Thank you for posting. I am a HEAVY mint user, I have used it for over 7 years now and I am completely dependent on it. I think it has great applications and a fantastic interface. I have always wondered on the stats for their “ways to save” credit card offerings, I doubt that a big percentage of people using the application/website actually sign up for a credit card. Instead, in order to capture value, given the amount of information they have on a person’s spending patterns, they should focus on targeted advertising the way Facebook does. For example, if I purchase at X grocery store, they can send me coupons for a different store…
I really hope they don’t actually do this since I like the relatively ad-free interface but I wonder to what extent they are ripping the profits they really deserve based on the amount of data they collect.
Thank you for posting. This is very interesting. Regarding the last point you made about what happens to small farmers with the development of big data in agriculture, I am actually less concerned and think this could be a great opportunity for them too. With the proliferation of data on what makes for better crops and more efficient farming techniques, I believe big data could bring in more competition from smaller farmers that before weren’t profitable.
It sort of reminds me of the case of AeroFarms, a company that is innovating using big data to increase vertical farming in cities. They use significantly less resources (especially water) and with the help of big data are able to optimize for light and crops.
Great post Gonzalo. Since the era of Yunus and his nobel-prize winning microfinance Grameen Bank, people in the developing world have been trying to come up with ideas to bridge the gap between exorbitantly high interest rates and people needing financing. This is yet another way of doing so, the best part about crowdsourcing loans is what the finance world has been doing with loans for more than a decade: securitize, divvy up the tranches and sell to the highest bidder. I think the next step for Cumplo would be to divide the loans into “high-yield” vs. “highly-secured” that way people (like businesses) can take advantage of different interest rates for different levels of risk.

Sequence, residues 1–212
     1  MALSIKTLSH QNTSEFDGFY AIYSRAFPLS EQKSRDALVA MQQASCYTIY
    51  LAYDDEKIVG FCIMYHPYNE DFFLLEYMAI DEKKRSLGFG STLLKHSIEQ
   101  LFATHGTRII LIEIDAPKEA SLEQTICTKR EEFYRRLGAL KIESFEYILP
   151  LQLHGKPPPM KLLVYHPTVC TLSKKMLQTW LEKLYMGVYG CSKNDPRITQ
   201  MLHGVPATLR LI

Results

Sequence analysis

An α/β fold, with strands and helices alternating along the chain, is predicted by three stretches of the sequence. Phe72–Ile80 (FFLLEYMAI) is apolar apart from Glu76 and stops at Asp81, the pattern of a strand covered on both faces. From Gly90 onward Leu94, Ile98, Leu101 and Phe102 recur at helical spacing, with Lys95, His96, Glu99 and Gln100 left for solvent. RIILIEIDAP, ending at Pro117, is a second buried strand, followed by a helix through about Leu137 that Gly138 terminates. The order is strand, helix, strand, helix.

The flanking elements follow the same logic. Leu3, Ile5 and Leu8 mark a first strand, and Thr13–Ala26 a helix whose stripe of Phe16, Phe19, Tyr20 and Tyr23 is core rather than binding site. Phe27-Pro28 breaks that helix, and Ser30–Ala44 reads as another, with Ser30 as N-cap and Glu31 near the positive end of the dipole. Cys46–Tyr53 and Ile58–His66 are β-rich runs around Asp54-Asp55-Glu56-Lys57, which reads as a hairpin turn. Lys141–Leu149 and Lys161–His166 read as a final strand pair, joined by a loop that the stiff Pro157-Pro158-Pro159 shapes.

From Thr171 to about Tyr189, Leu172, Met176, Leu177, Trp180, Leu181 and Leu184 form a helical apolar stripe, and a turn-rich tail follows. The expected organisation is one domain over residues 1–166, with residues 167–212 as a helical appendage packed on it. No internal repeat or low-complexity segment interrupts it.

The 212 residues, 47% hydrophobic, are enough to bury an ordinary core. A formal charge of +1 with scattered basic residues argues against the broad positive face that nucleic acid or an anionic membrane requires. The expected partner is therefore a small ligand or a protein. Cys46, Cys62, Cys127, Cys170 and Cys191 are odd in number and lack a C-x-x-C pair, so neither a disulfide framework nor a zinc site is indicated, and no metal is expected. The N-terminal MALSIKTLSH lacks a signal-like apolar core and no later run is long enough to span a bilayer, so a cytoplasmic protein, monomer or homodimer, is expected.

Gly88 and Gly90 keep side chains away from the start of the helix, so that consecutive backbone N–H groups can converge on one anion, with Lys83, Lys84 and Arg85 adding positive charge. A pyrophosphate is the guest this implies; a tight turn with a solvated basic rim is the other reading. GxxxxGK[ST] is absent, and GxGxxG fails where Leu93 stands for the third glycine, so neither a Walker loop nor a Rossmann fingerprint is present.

Great post, thank you for the data analytics, I think we have all started to become ever more skeptical with Yelp reviews.
Aside from the clustering effect of ratings, another problem with Yelp reviews is the circularity of it all, a good restaurant gets good reviews people go to the restaurant, have a good time, great review etc. As more people rely on Yelp reviews to find restaurants, it makes it hard for newer, harder to find restaurants to get in the picture. This happened to me in New York a lot, generally a greatly reviewed place would be packed with people and because of this review-frenzy one would feel uneasy going to an under-reviewed (and potentially vacant) new place. I wonder if Yelp could do something to mitigate this so as to help foodies like me discover new and exciting places.